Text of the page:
Being Invisible

When he told me, later, that he felt invisible, I believed him. I had nearly walked past him too.

I don’t recall him asking me for money, like all the others beggars did that day.  But maybe I was too far away, on the far side of that wide pavement. Maybe my stride was too purposeful. 

It’s true, I was walking with purpose. Not to catch a train, although this was the ramp leading up into Birmingham’s New Street station. My purpose was to find solitary men on the street, to hear their stories. So it was strange that I almost  walked right by exactly what I was looking for. But something stopped me. My story radar maybe. I turned, looked back and saw him standing there. He looked out of place, ill at ease. I went over.

I wasn’t alone. I was working as part of an Arts Council funded project and the other artist, Anne Brierley, was with me. Anne was working like a war artist that day, drawing and painting portraits of men while I engaged them in conversation, encouraging them to share something of their life story.

Why were we doing this? Simply because I believe humans have a profound need to be listened to. When someone listens to your story, they witness your life. They do not need to offer sympathy or encouragement. To listen is enough. The twin gift of our time and our full attention is specially precious in these busy, device-driven days. 

I wanted to know how John came to be homeless. He told me he had been living with his mum, just the two of them. He was her full-time carer. One night she had fallen ill and been taken to hospital in an ambulance. It was bronchial pneumonia. He said he remembered them taking her into a side ward and drawing a curtain across in front of him. That was the last time he saw her. The police came to the house the next morning to tell him she was dead.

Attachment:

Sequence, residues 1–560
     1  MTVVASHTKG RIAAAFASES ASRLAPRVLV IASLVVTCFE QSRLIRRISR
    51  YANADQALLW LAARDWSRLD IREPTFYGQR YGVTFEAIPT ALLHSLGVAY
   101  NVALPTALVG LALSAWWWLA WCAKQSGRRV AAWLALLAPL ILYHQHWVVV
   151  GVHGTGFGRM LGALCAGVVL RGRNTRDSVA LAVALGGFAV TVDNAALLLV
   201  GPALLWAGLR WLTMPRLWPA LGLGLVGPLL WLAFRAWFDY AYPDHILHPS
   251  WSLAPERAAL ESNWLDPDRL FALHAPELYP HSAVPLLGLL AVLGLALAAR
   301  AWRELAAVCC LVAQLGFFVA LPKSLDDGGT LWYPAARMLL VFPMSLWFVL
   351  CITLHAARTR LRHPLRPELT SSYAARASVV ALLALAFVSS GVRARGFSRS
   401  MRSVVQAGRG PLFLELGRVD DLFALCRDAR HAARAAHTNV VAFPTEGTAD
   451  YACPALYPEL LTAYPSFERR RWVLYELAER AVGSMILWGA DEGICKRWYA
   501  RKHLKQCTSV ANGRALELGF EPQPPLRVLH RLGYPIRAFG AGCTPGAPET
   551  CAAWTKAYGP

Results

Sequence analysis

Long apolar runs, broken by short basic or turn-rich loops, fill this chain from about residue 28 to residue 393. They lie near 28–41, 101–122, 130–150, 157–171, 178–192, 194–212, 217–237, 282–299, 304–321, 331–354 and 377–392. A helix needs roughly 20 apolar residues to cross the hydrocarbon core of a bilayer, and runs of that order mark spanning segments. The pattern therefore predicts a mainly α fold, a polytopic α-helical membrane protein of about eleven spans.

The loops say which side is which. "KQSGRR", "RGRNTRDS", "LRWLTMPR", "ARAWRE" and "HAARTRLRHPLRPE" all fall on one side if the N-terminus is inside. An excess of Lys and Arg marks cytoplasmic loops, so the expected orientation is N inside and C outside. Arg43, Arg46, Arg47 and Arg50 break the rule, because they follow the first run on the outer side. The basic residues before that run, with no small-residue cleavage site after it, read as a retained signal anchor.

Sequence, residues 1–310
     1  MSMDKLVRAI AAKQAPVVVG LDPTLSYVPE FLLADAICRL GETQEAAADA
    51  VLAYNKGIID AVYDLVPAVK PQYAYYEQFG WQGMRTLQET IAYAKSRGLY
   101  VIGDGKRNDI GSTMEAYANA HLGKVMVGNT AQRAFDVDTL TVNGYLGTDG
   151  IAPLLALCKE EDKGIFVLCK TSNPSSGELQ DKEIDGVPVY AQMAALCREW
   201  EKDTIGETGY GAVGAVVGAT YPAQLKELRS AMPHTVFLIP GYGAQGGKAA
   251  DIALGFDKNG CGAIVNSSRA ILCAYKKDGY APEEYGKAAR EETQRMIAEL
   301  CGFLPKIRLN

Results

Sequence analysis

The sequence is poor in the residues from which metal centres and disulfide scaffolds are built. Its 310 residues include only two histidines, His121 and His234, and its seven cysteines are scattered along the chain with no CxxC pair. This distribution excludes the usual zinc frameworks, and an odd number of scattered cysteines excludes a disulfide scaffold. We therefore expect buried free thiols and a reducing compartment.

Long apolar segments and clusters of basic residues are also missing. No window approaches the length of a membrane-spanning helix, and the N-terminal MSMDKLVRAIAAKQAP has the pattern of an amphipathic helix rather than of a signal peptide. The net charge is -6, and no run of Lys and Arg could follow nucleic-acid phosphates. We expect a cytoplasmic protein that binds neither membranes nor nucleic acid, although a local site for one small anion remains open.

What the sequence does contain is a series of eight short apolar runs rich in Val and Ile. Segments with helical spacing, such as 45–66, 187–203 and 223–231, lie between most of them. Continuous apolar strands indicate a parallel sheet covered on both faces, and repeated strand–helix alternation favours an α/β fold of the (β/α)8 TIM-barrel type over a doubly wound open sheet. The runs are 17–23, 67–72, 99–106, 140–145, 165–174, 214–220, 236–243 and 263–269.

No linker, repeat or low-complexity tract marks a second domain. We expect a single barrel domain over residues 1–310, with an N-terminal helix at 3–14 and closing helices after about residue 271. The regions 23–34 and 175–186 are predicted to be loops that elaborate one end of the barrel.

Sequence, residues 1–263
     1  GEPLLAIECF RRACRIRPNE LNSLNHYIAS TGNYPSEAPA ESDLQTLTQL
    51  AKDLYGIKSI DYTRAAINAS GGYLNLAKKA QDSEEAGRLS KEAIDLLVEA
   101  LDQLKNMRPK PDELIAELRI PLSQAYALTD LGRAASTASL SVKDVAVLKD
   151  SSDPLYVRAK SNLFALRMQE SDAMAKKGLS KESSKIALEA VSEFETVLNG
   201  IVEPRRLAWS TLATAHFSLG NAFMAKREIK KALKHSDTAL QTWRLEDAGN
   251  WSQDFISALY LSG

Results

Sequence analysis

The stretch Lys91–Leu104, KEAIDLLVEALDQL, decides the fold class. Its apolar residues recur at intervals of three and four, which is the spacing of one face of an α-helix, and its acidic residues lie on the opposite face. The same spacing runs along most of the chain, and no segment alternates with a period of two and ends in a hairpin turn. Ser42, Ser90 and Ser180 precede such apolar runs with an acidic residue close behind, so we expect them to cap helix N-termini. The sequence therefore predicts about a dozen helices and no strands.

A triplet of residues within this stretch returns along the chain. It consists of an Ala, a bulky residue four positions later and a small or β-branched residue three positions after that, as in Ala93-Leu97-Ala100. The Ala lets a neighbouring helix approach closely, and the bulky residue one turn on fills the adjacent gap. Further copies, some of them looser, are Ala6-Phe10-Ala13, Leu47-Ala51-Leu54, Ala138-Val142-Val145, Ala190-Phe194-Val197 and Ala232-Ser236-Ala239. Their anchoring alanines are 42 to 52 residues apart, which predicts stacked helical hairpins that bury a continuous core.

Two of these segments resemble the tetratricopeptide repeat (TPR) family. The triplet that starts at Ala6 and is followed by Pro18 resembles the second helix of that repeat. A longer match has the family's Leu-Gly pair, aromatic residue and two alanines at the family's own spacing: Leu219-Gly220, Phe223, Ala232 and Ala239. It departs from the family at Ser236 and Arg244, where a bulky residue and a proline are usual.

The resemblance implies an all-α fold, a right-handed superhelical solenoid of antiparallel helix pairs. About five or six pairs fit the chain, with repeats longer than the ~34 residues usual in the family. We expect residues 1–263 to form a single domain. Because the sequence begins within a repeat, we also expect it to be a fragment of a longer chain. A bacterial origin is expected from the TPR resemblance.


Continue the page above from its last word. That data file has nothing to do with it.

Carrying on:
John was no stranger to loss: his oldest brother had committed suicide some years before. But this hit him hard. Then his remaining brothers sold the house from under him and split the money between them. 

Homeless now, he lives in a hostel. He said he had no possessions, not even anything that had belonged to his mum. Only memories.

‘What is your favourite memory of her?’ I asked.

‘I have so many. Mum was my best friend,’ he said, his eyes turning silver with tears. ‘I was the baby of the family.’

John hadn’t been homeless long and it showed. He was like a fledgling fallen from a nest, a little bruised, somewhat bewildered. Unsure, lacking the bravado of the other beggars. I spoke to a woman later that day who had been on the street for twenty years, on and off. She wanted me to buy her a coffee and, as we walked to Greggs together, she greeted other beggars like we were heading for a Friday night party.

John was still coming to terms with being spat at, kicked and abused for no good reason. He appreciated that not everyone had money to give, but he yearned for kindness. A warm smile, a friendly conversation. He clearly enjoyed talking to me. 

The previous man we had spoken to, Liam, had also enjoyed sharing his story, and had felt moved to pay us. We had refused his money, but he had pulled a handful of change out of pocket and urged me to take it. Seeing he truly needed to make the gesture, I took it and slipped it into my own back pocket.

As my conversation with John drew to a close, I remembered it. 

‘The last man gave me some money,’ I told him. ‘I said I’d buy a cup of tea with it. But now I feel he gave it to me so I could pass it on to you.’

It wasn’t much. £4 perhaps. But John accepted it with a wide smile and a little bow. ‘Thank you,’ he said. ‘I’ll get something to eat.’

He hurried away then, in search of food. But he still had time to turn and give us one last wave as he went. 

For more on this Arts Council project, A Feather In My Wallet, find us on FaceBook:

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